“There may be rare circumstances when it is necessary to speak to a student during class about his or her behavior. Correct the student in a courteous manner, indicating that further discussion can occur after class.”
“Overall, key factors in responding to apparent disruptive or uncivil behavior are clarity in expectations; courtesy and fairness in responses (making sure students have an opportunity to discuss the incident with you in a timely manner); and progressive discipline, in which students (in less serious cases) are given an opportunity to learn from the consequences of their misbehavior, and to remain in the class.”
What should I do in the face of persistent disruption?
“Current university policy states that a student who persists in disrupting a class may be directed by the faculty member to leave the classroom for the remainder of the class period and can refer the student to Student Conduct for judicial action. The student should be told the reason(s) for such action and be given an opportunity to discuss the matter with the faculty member as soon as practicable. Prompt consultation should also be undertaken with the department chair and the Assistant Dean of Community Living.”
When should I call the police?
“You should call Campus Safety whenever you believe there is any threat of violence or other unlawful behavior, including a student’s refusal to leave a class after being told to do so. Any threat of violence should be taken seriously. Err on the side of caution and notify the police as soon as you can.”
Should I act immediately or wait for a pattern of misbehavior to occur?
“It’s often a mistake to assume disruptive behavior will stop on its own. A fundamental tenet of progressive discipline is to document and respond to “small” incidents sooner rather than later. Early intervention – sometimes in the form of a ‘behavioral contract’ developed by the Assistant Dean of Community Living and a referring teacher – might help define needed boundaries for a student. Generally, teachers who state reasonable expectations early, and enforce them consistently, help students avoid the harsher consequences that flow from more serious infractions later.”
What confidentiality standards should I follow?
“The University will take appropriate disciplinary action in cases of proven classroom disruption. Consequently, you should discuss allegations against named or identifiable students only with individuals who have some role in the disciplinary process. Examples of people who usually have such a role include your department chair and the Assistant Dean of Community Living. A general rule to keep in mind is that you should refrain from sharing any personally identifiable information from student education records (like grades, or reports of misconduct) with any person (including a colleague) who has no educational interest in the information. If in doubt, confer with legal counsel.”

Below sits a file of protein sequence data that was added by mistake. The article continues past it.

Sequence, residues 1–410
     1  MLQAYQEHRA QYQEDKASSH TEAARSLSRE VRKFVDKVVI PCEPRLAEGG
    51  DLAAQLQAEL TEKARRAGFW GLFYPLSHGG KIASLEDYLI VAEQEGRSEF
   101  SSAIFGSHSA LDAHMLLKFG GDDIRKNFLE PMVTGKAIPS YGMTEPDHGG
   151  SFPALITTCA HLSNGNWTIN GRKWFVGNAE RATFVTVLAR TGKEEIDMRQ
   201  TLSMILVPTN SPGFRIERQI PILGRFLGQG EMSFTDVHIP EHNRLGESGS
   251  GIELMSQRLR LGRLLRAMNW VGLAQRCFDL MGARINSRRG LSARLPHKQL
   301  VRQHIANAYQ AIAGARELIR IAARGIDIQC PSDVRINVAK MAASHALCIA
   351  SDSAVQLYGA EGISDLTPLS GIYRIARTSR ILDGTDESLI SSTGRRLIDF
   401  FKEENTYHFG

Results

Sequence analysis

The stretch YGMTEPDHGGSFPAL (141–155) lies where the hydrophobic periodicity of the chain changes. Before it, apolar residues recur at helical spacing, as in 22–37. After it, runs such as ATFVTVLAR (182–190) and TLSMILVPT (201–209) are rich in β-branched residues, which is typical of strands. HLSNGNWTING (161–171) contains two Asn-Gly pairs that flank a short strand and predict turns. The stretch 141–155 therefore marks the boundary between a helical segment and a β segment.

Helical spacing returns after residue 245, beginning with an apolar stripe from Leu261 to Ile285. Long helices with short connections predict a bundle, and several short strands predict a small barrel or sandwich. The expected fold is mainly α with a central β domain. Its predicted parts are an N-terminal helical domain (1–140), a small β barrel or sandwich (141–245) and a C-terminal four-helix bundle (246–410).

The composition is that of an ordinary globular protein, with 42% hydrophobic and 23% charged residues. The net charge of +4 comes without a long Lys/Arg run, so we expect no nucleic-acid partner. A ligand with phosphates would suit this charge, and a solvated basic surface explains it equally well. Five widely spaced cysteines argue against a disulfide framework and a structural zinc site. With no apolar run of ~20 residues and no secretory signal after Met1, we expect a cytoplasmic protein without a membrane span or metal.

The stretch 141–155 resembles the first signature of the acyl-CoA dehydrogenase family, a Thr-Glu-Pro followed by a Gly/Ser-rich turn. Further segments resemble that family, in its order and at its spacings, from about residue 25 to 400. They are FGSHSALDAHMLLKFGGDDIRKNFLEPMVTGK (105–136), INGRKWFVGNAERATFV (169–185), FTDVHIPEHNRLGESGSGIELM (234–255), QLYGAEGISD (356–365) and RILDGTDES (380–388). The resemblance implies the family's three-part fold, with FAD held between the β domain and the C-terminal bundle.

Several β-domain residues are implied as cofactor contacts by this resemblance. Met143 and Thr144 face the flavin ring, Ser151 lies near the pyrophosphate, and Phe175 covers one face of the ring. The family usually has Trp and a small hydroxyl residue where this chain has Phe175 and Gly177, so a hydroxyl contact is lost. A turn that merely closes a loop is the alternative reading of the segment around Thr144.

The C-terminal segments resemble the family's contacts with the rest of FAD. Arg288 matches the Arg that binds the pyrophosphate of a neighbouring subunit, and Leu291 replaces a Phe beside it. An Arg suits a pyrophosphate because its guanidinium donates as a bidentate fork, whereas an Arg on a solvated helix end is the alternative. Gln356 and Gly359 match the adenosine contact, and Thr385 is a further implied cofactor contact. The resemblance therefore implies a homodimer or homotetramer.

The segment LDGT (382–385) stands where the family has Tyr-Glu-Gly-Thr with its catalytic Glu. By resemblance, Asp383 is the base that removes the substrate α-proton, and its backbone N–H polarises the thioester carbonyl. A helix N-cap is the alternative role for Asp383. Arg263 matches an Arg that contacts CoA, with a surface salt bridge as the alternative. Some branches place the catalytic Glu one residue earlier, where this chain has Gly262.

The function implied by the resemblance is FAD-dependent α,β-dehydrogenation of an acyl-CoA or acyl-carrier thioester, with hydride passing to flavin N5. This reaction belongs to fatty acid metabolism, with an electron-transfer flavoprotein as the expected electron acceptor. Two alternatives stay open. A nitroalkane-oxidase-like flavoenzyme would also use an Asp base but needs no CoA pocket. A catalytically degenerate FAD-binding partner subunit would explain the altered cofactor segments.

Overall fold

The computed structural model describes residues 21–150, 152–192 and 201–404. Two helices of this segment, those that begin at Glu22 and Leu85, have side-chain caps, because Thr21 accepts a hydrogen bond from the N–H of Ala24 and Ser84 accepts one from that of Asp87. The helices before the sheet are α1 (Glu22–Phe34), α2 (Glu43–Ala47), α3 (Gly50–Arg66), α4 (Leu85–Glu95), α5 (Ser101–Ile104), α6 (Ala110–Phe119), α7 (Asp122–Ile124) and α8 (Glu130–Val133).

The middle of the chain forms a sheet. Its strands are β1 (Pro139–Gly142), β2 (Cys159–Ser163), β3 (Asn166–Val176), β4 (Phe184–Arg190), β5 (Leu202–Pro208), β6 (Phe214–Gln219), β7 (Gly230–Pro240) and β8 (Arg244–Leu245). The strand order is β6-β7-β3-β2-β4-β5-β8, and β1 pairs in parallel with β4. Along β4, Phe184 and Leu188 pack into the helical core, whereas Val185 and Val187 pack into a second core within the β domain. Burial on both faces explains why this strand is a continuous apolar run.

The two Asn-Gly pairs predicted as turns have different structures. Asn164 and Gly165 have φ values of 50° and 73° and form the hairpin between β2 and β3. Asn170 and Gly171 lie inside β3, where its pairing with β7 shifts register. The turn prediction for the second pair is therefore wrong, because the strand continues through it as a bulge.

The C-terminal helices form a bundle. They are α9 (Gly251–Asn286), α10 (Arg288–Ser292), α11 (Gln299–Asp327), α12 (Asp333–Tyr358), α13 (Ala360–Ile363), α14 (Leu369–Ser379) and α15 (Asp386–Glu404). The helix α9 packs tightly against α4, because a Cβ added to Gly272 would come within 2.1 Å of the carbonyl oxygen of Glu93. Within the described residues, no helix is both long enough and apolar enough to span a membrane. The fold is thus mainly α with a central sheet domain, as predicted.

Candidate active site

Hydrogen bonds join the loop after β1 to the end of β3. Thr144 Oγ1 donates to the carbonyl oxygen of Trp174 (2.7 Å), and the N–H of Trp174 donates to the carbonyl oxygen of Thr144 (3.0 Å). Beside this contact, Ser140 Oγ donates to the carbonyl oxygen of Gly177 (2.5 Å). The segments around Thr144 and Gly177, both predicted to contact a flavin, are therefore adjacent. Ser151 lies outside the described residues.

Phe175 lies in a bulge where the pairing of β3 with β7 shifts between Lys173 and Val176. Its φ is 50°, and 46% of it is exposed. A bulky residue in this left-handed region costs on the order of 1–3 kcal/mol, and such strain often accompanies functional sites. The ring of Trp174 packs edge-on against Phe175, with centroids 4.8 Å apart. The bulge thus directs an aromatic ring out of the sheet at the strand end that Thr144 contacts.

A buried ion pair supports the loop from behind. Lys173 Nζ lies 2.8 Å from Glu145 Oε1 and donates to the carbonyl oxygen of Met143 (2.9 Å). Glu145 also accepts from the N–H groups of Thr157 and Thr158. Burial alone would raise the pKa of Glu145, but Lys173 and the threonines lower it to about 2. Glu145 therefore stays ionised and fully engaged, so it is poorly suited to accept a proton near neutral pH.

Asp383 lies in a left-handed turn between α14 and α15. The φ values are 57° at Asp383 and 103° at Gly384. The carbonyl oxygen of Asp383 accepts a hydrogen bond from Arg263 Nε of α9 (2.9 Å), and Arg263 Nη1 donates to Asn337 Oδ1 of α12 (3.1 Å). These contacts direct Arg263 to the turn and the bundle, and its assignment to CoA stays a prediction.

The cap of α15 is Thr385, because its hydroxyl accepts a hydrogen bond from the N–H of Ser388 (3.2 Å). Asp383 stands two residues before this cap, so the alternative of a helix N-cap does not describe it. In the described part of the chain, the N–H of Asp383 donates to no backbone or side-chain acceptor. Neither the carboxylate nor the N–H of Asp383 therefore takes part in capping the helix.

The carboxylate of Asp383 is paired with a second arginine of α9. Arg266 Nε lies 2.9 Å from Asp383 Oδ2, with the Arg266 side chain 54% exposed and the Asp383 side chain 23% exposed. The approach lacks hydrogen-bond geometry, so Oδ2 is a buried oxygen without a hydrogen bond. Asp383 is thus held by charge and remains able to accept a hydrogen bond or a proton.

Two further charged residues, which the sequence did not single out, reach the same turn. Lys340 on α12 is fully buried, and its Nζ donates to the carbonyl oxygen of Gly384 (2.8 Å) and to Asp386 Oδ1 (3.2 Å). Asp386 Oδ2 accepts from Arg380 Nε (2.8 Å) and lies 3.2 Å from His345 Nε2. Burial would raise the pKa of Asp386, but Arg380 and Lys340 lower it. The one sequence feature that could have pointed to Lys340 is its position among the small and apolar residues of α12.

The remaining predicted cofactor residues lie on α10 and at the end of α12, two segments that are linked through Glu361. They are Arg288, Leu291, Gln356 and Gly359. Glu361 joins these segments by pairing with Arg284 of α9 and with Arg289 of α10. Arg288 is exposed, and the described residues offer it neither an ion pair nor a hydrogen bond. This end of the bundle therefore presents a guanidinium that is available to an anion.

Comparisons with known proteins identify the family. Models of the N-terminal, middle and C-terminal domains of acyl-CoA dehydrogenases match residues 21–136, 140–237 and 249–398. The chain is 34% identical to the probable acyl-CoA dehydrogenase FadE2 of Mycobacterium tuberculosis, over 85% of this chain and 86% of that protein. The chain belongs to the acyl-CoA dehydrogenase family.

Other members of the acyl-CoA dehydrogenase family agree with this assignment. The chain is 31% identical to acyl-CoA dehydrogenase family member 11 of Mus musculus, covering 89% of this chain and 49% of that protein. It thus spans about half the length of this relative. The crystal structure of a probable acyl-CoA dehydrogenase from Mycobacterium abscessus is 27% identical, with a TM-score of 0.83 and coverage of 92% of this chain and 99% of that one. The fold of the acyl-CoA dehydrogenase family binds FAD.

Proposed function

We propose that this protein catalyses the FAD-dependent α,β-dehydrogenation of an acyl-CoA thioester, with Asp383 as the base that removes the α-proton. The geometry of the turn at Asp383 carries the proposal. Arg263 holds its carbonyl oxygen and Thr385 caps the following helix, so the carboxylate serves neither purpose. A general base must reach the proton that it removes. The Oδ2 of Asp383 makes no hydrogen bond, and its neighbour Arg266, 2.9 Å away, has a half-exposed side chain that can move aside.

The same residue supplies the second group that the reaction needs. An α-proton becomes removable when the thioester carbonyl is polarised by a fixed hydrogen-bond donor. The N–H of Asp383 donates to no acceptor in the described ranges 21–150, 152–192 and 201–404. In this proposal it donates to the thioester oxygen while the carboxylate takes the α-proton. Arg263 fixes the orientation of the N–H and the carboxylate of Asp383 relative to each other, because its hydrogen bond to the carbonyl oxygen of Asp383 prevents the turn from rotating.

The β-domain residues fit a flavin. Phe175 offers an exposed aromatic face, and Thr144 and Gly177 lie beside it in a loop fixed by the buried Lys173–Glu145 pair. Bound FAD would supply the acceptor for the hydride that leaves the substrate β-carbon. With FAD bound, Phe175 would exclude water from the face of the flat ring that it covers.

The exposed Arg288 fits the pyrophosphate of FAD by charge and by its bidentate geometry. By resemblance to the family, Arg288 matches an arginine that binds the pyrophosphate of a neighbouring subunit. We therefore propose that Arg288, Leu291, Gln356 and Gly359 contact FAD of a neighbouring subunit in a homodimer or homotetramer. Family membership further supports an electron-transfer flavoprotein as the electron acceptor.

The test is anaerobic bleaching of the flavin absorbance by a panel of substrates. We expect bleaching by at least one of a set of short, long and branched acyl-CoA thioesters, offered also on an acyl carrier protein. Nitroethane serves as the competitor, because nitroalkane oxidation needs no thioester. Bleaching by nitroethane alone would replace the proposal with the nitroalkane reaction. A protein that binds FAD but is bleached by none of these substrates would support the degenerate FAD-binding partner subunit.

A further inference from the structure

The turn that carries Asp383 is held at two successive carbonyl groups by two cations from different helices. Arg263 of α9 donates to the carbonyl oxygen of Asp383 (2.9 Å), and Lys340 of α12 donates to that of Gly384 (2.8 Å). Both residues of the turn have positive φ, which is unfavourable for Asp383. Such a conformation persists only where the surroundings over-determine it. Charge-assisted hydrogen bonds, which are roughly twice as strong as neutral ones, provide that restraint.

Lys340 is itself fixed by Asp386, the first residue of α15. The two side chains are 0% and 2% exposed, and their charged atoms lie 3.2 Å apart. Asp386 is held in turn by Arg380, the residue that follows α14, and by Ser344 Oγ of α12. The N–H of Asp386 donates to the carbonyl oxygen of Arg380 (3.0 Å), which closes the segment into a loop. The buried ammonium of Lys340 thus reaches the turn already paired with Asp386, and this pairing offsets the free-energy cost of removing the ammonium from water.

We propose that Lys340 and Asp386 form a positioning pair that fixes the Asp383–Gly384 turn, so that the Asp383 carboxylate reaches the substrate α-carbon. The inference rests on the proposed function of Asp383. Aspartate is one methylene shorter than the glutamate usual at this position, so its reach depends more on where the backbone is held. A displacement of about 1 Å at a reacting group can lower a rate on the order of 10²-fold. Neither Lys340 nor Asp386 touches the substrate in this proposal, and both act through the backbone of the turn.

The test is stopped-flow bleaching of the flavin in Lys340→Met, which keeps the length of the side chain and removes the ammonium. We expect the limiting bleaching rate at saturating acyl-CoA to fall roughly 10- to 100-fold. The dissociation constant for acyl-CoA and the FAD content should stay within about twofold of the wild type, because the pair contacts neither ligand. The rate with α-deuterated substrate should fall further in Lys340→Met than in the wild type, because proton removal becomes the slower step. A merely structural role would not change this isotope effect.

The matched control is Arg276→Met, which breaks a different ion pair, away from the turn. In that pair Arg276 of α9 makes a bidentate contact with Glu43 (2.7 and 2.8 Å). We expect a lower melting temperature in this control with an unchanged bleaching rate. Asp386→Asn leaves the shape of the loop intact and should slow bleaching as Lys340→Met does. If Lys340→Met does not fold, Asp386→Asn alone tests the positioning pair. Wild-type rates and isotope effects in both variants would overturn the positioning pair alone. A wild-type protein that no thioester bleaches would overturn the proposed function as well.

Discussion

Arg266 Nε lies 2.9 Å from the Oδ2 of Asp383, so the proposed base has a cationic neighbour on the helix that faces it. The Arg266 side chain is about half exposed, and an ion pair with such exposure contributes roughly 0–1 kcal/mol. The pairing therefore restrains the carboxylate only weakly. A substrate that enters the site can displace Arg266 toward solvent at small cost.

What if a disruptive student claims the disruptive behavior is the result of a disability?
“The fact that a student may have a disability should not inhibit you from notifying appropriate authorities (including Campus Safety, as needed) about disruptive behavior. Students with or without disabilities need to know they must adhere to reasonable behavioral standards. Setting and enforcing such standards may encourage students with disabilities to obtain needed therapy, and to take prescribed medications.”
“Disability claims and accommodation requests should be discussed with Student Disability Services. There is an established procedure students should follow if they have a disability and seek a reasonable accommodation.”
“Generally, while different rules apply in the elementary and secondary school setting, pertinent federal agencies and the courts have made it clear that an institution of higher education does not have to tolerate or excuse violent, dangerous or disruptive behavior, especially when that behavior interferes with the educational opportunities of other students. Colleges and universities may discipline a student with a disability for engaging in misconduct if it would impose the same discipline on a student without a disability.”
ASJA LAW AND POLICY REPORT
Wednesday July 18, 2001, No. 26
The above suggested “questions and answers on classroom disruption” for faculty members first appeared in *Synfax Weekly Report,* and are revised here.
ASJA Law and Policy Report (LPR) is written by Gary Pavela (firstname.lastname@example.org) and published weekly (except mid-December to mid-January, and the month of August). Copyright: ASJA and Gary Pavela: All rights reserved. Further transmission within ASJA member institutions is permitted, if the author and ASJA are credited as the source. Index, archives, and additional source materials will be available to ASJA members at http://asja.tamu.edu. The information and comments provided here are designed to encourage discussion and analysis. They represent the views of the author-not ASJA-and do not constitute legal advice. For legal advice the services of an attorney in your jurisdiction should be sought.
André L. Clanton
Director of Conflict Resolution and Accountability